Parenting Taught the Indian Way
Sacagawea was the epitome of a caring mother, carrying her newborn on a cradle board across half the country while traveling with Lewis and Clark 200 years ago.
Now another Shoshone woman is teaching Idaho State University students and the community how her tribe and other cultures nurture their infants in a “traditional indigenous parenting” class.
The customs are far different from the American approach of baby showers and day care.
“In today’s society, many of us are working and separated from the child from the beginning,” anthropology professor Drusilla Gould said. “They’re raised with the baby sitter. They could be neglected all day. We wouldn’t know.”
Gould said portraying the historic pattern of Shoshone parenting was important in her native community these days. She hopes that more young women will get involved.
“What brought this all about, we had problems earlier with babies found along roadsides,” she said. “We had young females who didn’t want to have babies. There was fear. We finally said something needs to be done. In our culture, we say babies are a blessing.”
Gould team-teaches the class with associate professor Maria Glowacka, a native of Poland. Glowacka said the instruction touched on the social importance of child-rearing as well as the biomedical aspects of those traditions.
Gould believes that social workers should learn more about tribal customs as they work with clients. Although the class now mostly attracts university students, she hopes to reach young mothers in the community.
The class dwells on “Deniwape,” a Shoshone word with no English equivalent but meaning a way of living in the natural order of the land.
“It’s all in the manner of how children are nurtured or raised. You are forming and shaping, being respectful of them,” Gould said.
Leading up to the birth, the mother’s maternal grandmother steps in to teach her about parenting.
“This is teaching at its finest,” Gould said. “The grandmother tells why things are done. The young lady is always learning. It’s the passing of knowledge from one generation to another.”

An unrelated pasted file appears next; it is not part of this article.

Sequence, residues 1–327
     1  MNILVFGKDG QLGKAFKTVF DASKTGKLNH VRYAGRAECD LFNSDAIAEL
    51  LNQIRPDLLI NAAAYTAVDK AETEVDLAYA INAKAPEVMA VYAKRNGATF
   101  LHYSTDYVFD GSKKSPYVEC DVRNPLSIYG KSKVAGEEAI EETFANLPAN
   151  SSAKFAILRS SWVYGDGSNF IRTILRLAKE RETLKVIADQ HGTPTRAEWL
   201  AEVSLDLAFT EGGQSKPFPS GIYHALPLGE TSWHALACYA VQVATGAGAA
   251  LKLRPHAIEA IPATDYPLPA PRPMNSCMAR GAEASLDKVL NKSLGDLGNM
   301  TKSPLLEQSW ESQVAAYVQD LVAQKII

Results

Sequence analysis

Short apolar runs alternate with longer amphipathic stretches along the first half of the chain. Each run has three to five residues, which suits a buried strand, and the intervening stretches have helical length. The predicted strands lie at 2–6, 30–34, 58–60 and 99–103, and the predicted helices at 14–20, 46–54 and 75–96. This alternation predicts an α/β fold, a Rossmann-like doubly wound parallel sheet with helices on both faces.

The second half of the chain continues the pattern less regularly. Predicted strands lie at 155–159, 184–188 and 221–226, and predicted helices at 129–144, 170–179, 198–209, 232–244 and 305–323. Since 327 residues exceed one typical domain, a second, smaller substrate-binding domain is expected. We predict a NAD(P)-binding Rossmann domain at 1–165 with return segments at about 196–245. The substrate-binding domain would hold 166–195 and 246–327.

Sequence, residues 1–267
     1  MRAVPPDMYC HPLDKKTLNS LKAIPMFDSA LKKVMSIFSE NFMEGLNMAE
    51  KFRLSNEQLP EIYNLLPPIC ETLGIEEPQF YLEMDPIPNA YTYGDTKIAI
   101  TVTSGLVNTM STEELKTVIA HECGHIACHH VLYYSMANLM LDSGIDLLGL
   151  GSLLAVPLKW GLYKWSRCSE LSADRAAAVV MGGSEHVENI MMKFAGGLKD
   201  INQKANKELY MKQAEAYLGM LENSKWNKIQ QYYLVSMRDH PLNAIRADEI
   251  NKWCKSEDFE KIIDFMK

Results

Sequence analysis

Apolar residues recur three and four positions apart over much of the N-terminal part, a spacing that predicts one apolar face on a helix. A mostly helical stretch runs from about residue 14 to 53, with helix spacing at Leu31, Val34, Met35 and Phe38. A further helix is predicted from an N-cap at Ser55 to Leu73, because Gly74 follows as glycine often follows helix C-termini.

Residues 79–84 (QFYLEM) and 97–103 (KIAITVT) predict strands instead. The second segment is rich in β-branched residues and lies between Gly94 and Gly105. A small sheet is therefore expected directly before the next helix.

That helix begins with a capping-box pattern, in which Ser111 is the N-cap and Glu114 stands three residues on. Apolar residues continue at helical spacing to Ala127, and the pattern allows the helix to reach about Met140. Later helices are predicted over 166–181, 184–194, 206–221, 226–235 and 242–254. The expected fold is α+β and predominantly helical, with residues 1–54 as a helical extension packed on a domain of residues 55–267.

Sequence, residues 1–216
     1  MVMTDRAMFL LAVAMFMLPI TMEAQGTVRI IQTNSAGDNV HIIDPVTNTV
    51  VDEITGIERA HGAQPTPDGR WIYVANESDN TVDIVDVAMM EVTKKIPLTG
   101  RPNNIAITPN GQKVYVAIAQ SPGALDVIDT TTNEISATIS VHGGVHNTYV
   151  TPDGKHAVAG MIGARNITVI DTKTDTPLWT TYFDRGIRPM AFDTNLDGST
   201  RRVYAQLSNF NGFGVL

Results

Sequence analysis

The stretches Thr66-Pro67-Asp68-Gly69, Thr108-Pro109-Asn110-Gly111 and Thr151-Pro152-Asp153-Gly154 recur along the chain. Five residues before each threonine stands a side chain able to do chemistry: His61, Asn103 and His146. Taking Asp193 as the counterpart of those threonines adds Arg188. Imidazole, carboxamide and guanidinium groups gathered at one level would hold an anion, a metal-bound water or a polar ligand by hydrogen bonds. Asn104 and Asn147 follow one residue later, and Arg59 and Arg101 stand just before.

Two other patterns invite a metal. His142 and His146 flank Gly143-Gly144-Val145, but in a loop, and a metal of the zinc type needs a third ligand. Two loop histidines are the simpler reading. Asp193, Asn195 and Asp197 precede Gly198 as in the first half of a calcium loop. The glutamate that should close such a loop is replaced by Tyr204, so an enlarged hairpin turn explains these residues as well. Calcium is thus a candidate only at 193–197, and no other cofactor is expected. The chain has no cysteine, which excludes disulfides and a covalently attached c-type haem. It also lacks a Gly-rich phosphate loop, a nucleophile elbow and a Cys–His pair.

After the birth, the mother goes on a 30-day postpartum retreat overseen by the grandmother. The mother follows a strict diet to restore her physical and emotional balance.
“In our community, you have the mother and child together for the first 30 days,” Gould said. “Someday, this daughter will do the same thing.”
“Speech is different. We don’t have the ‘goo goo gah gah’ baby talk. We talk to them as adults, caress them with our words.”
Before and after the birth, the father is instructed in his responsibility for his family, Gould said.
Gould also includes a workshop on cradle boards, which are slung on a mother’s back. The mothers then lace the baby in, similar to a boot.
“It’s an extension of the mother’s womb. We see it as that,” she said. “Each time, the child is put on the board and then laced in. When the lace goes through each loop, there’s a prayer for the child. They are protected by those prayers.”
In the reading list for participants in the parenting class is the book “A World of Babies: Imagined Childcare Guides for Seven Societies” by professors Judy DeLoache and Alma Gottlieb at the University of Illinois at Urbana-Champaign.
They detail the exotic parenting of seven cultures. In Bali, for example, many Balinese babies are not allowed to touch the ground until they’re 8 months old.
Closer to home, the Puritans treated their colicky babies with a broth made of the boiled entrails and skin of a wolf. They teethed their babies with a mix of hare brains, honey and butter.
While others’ parenting customs may sound bizarre to mainstream Americans, they generally address the infants’ needs, Gould said.
“We want to teach young people when they go through these times, they have to control their thoughts and emotions, which can affect the baby in a positive or negative way,” she said. “They’re teaching the baby to survive the obstacles.”